The BME Seminar Series features presentations surrounding the field of Biomedical Engineering.

Next Upcoming Seminar:

Date: 2018 November 28

Time: Noon - 1PM

Location: 1-075 RTF

Presentation Topic: Targeting the Senescence-Associated Secretory Phenotype: The profound effects of natural molecules on inflammation produced by senescent cells

Presenter: Kevin Perrott, PhD Student, Dept. of Biomedical Engineering


Natural compounds from fruits and vegetables such apigenin (4',5,7,-trihydroxyflavone) have been shown to have pleotropic effects able to attenuate the inflammation associated with many chronic diseases of aging. Senescent cells-stressed cells that accumulate with age in mammals-display a pro-inflammatory senescence-associated secretory phenotype (SASP) that can drive or exacerbate several age-related pathologies, including cancer. This work examines the effects and mechanisms of apigenin and other natural compounds on senescence and the SASP looking at the role these natural compounds could play in reducing tumorigenesis.

All are welcome!

The BME Seminar Series features presentations by current graduate students as part of the BME 600A/B courses (Fall/Winter terms). Each of the seminars offers a glimpse into biomedical research taking place at our university.

Details about the next series will be posted soon!

Upcoming seminar:

Title: High Resolution Diffusion MRI of the Hippocampus Reveals Heterogenous Development across the Head, Body, and Tail Through Childhood and Adolescence

Speaker: Kevin G. Solar

Date: Wednesday, Feb 20, 2019

Time: Noon to 1:00 PM

Venue: ECHA L1-220


The hippocampus is a critical structure for learning and memory, but it is difficult to image given its small size and complex internal architecture. Most hippocampal studies in typical childhood/adolescent development focus on whole/subfield volume or external shape analysis on 3D T1-weighted images. Diffusion tensor imaging (DTI) can provide complementary measures on hippocampal microstructure, but very few studies have focused on its development, and they have been of very low spatial resolution. The purpose of this study was to use high resolution DTI to evaluate age-related changes of the hippocampus head, body and tail in healthy children to young adults. High resolution DTI revealed regional-specificity in microstructural development of the healthy human hippocampus over 6-20 years. The whole structure, head, body, and tail were visualized and segmented directly on mean diffusion-weighted images. Whole-structure analyses showed age-related higher fractional anisotropy (FA) and lower mean diffusivity (MD), and substructure analysis revealed that these associations were strongest in the head – a finding corroborated by prior shape analyses showing greater expansion in the hippocampal head during development. This regional-specificity may reflect hippocampal neurogenesis and myelination in coherence with the high concentration of connections that form at the head from childhood into adulthood.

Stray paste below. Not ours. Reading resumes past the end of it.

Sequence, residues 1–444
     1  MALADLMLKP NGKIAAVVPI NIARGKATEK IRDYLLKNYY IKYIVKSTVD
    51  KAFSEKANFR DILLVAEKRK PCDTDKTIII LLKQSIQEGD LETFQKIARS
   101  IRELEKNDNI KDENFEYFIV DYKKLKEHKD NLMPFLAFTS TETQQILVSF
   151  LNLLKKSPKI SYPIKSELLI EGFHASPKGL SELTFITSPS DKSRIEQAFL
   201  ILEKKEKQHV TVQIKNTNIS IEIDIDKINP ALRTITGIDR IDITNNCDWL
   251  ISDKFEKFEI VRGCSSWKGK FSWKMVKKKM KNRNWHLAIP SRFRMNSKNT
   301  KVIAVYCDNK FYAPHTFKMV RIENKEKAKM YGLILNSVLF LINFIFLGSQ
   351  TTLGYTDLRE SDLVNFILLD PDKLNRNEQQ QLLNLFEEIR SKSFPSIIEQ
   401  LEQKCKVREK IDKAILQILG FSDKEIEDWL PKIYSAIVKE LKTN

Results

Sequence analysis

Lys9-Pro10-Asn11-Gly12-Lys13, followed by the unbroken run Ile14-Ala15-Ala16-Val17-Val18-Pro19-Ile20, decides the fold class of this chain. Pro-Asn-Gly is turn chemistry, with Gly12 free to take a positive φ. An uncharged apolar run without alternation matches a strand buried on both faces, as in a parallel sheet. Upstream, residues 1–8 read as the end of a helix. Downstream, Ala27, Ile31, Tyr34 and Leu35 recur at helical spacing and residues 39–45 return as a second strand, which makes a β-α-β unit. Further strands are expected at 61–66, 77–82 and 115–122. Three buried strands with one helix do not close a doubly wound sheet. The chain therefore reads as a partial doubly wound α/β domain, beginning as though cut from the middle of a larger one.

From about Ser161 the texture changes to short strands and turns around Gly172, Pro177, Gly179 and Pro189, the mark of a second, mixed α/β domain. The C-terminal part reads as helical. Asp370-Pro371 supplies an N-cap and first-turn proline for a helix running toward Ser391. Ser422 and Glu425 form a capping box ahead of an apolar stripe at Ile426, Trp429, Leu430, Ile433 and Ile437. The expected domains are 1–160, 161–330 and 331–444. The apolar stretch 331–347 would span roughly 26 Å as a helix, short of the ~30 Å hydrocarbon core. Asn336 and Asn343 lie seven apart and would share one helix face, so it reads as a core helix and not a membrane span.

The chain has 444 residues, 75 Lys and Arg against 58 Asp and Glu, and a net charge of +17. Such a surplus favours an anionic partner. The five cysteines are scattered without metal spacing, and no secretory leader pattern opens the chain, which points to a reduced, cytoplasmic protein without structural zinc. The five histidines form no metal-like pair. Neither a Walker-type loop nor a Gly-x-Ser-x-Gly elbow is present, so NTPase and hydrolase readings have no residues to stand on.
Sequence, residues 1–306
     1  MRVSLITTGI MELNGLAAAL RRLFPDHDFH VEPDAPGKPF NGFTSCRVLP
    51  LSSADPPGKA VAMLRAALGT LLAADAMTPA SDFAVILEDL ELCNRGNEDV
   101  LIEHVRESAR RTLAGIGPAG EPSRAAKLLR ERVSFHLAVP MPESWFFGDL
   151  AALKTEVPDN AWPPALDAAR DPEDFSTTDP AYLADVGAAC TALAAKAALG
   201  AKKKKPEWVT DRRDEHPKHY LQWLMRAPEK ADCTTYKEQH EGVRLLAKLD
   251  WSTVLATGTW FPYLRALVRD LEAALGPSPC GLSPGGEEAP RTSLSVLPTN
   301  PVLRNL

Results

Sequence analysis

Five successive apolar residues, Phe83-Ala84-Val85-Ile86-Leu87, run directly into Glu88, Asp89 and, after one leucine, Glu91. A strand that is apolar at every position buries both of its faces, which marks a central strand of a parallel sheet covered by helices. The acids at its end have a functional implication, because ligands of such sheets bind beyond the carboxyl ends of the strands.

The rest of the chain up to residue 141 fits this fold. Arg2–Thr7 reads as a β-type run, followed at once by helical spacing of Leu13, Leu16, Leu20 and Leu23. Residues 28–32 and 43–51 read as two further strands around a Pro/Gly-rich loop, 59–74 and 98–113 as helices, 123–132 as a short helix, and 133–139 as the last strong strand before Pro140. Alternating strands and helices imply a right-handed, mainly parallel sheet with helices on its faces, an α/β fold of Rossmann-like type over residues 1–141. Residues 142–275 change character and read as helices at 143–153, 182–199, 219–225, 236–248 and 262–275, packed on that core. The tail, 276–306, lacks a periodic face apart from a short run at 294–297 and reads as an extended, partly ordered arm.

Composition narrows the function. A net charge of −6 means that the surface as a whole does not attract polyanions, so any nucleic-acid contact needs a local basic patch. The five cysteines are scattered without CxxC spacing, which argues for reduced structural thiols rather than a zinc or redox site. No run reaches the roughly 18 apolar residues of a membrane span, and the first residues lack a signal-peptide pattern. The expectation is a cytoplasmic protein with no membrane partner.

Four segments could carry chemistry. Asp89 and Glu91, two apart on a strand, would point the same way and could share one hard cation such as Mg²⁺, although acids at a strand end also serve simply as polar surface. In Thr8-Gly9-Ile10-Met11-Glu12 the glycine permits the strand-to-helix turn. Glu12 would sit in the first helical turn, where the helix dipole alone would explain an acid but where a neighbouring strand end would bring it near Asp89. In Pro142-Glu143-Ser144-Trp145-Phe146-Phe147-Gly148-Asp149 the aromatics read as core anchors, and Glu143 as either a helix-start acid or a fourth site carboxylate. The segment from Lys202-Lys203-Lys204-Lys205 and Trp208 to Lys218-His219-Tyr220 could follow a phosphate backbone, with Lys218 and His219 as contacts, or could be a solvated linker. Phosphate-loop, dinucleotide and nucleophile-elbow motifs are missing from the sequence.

All are welcome!

Upcoming Seminars:

2019 March 6 - Graham Little
2019 March 20 - Nashwan Naji
2019 April 3 - Aida Valevicius

RTF Table Tennis Tourney April 2018!

Want to play table tennis (ping-pong)?
Want to meet other people from RTF/Imaging Research?
Why not kill 2 birds with 1 stone?
If you're interested, e-mail Prayash and Kevin (or let them know in person)

Update 4 April 2018:

The paddles are here, the table is set, and the nets are waiting!

Tentatively, we are planning the tournament day during the week of April 23-27, but please use our Table Tennis Tourney Doodle Poll to indicate which day works best for you. The tourney bracket will include everyone who signs up.

We will also have a practice session some time prior to the tournament. We will use this to go over the rules, wipe some of the rust off, and make sure everyone is on the same page! Everyone who is interested can fill out the Practice Day Doodle Poll.

Keep a look out for an e-mail next Friday (April 13) confirming the date and time!

Please feel free to forward this to anyone in BME who may not have received it.

Prayash - room 1-086 RTF

Kevin - room 1-113 RTF

Advances in Biomedical Engineering Today... Better Healthcare Tomorrow

The Department of Biomedical Engineering is at the forefront of one of the most rewarding areas of engineering, applying the principles and methods of engineering to medicine, engaging in research and teaching. Our research and teaching are second to none; the advances we make today will be seen in medicine tomorrow.

So if you want to improve healthcare, become a part of our team. 

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